The Rembrandt Secret

The Rembrandt Secret by Alex Connor Read Free Book Online

Book: The Rembrandt Secret by Alex Connor Read Free Book Online
Authors: Alex Connor
Tags: Fiction, Action & Adventure
from the flames.
    ‘But what if she did tell someone? Her husband, for example? Couples talk and exchange confidences all the time. Perhaps she confided in Abraham Claesz when it turned out that they couldn’t have children. Perhaps they argued and he told her that it was her fault that she was barren. Wouldn’t she have retaliated? What pleasure would it have given her to brag about the now famous father of her illegitimate child? Or what if – when she was firmly ensconced in his home and life – she told Rembrandt himself ?’
    Intrigued, Marshall reached out to warm his hands.
    ‘Where was Carel Fabritius by this time?’
    ‘Being raised in Beemster. By judicious planning, Pieter Fabritius was an amateur painter, so Carel’s talent wouldn’t have seemed out of place. And when he reached his teens his father, seeing a perfect opportunity for advancement, entered Carel into Rembrandt’s studio as a pupil. All very neat.’
    ‘When was that?’
    ‘Early 1640s. Geertje entered Rembrandt house in 1643.’
    Curious, Marshall considered the facts. ‘Did she know who Carel was?’
    ‘Your father believes that she did,’ Samuel replied. ‘Your father thinks that Geertje knew only too well that Carel Fabritius was her son. And that when Rembrandt’s wife died, it was the perfect opportunity for her to re-enter the painter’s life.’
    ‘But if Rembrandt knew about Carel—’
    ‘Ah, but your father doesn’t think he did know that Carel was his illegitimate child. Not at first, anyway. He’d probably never even seen his illegitimate son. He would have thought the whole matter was over and done with long ago. Rembrandt was on a high – famous, ambitious and arrogant. He might be very pleased to see Geertje again, and fall back into their old love affair whilst she nursed his young son, but did Rembrandt know that his pupil was the bastard he had with his girl lover? Unlikely. He’d hardly have risked such a scandal by taking Geertje in, would he? To have his own bastard as a pupil? While he slept with the mother? No, I don’t think so.’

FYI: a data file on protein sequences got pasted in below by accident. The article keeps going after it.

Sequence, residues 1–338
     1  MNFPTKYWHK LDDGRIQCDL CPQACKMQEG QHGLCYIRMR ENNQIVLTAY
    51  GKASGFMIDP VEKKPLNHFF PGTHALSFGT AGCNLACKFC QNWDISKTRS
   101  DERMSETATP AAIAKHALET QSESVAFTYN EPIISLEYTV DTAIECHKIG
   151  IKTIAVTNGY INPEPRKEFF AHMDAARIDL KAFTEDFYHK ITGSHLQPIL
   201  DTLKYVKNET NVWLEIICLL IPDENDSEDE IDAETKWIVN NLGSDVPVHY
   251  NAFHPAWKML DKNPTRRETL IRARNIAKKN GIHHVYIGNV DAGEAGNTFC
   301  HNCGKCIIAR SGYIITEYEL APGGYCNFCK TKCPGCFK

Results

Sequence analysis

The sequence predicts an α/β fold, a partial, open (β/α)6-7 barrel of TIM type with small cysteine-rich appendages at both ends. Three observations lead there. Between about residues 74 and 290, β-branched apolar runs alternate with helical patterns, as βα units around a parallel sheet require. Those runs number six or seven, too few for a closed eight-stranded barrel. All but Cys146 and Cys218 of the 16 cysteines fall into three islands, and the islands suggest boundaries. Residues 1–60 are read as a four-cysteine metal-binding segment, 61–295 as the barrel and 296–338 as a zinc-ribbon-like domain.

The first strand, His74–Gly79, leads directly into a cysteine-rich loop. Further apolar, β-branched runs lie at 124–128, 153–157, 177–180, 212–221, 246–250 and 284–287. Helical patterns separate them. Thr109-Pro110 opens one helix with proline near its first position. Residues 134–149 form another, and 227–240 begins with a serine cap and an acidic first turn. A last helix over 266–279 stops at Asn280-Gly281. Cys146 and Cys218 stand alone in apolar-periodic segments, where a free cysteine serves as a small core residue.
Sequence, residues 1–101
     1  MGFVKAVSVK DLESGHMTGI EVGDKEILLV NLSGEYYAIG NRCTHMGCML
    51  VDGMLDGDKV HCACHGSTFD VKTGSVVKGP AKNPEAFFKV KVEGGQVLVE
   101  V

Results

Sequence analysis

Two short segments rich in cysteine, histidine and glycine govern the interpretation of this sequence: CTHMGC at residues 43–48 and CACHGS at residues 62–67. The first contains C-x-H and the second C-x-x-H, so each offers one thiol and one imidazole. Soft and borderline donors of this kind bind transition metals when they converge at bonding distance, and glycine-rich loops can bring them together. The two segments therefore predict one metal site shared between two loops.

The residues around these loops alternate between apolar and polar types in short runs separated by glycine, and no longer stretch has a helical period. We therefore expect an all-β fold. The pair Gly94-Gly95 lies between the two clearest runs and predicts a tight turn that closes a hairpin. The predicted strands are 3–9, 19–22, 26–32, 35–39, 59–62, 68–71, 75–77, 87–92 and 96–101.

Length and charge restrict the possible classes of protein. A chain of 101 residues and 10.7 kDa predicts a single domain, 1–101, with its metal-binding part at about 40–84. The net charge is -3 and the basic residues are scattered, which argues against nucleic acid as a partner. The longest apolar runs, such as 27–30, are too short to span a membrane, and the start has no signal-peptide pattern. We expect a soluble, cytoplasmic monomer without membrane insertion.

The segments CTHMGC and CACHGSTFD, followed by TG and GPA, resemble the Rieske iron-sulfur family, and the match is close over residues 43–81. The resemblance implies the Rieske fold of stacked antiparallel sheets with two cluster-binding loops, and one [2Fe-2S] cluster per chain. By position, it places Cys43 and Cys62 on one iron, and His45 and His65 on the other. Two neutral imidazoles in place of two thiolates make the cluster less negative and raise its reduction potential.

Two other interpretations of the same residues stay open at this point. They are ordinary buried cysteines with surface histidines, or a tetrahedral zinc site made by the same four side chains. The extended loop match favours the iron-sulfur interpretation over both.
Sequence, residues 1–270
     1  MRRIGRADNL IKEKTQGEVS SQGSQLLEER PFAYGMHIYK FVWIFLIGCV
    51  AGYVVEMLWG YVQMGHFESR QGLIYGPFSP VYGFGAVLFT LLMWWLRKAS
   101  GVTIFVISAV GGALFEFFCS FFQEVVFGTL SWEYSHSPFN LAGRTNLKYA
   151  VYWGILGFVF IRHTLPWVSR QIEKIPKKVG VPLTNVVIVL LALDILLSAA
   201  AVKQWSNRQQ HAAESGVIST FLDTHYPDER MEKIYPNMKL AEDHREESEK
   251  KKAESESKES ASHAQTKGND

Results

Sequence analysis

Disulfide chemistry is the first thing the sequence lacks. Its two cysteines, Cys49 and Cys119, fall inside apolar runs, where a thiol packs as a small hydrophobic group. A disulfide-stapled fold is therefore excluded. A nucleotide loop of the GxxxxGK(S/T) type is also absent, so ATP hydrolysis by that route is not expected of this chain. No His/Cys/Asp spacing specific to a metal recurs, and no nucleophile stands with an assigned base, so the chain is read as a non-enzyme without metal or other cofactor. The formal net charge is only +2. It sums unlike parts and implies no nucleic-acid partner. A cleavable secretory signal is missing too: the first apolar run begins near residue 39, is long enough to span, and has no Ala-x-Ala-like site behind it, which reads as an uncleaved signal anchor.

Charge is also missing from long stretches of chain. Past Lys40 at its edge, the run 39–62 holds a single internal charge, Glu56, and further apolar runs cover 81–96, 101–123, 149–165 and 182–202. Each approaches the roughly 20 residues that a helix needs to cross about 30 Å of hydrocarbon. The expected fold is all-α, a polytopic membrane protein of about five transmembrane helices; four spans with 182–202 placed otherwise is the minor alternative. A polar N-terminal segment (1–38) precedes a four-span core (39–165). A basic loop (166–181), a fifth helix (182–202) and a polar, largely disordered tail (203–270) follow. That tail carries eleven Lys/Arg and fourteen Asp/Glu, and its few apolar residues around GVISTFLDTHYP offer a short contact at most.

‘But if Geertje knew,’ Marshall said carefully, ‘God, what a hold she’d have over Rembrandt … Of course, there’s one other big question.’
    ‘Which is?’
    ‘Did Carel Fabritius know who his real parents were?’ Sighing, Samuel sank back into his seat, his spindly legs stretched out on the Long John in front of the fire, his old slippers curling upwards at the toes.
    ‘Has your father never told you about any of this?’
    ‘No, never.’
    ‘Perhaps you should ask him.’
    ‘ You tell me,’ Marshall urged him. ‘You can’t stop now, it’s too good a story. Did Carel Fabritius know he was Rembrandt’s son?’
    ‘Your father doesn’t think so. He thinks that Carel found out later.’
    Marshall frowned. ‘So what’s Rembrandt’s monkey?’
    ‘Not what, who . Apparently there were some letters, written by Geertje Dircx, which corroborated the whole story,’ Samuel replied, smiling enigmatically. ‘Your grandfather left them to your father.’
    Stunned, Marshall leaned towards the old man.
    ‘So why hasn’t he gone public? Why hasn’t he sold them? They’d make a fortune—’
    ‘And create a scandal. Undermine the whole art market, especially in a recession,’ Samuel said quietly. ‘Your father loves everything about the art world, and he’s not the kind of man to set out to destroy the reputation of one of the greatest painters who ever lived.’
    Marshall’s eyes narrowed. ‘You haven’t finished the story. You still haven’t told me who Rembrandt’s monkey is.’
    ‘It’s not my place to tell you.’
    ‘So you just told me enough to whet my appetite?’
    Samuel nodded, his eyes cunning. ‘Ask Owen for the rest. Let him have the triumph of telling you, it might help you both. You said you were staying with your father at the weekend? Well, ask him then. It would take his mind off his worries and he’d love to think you were

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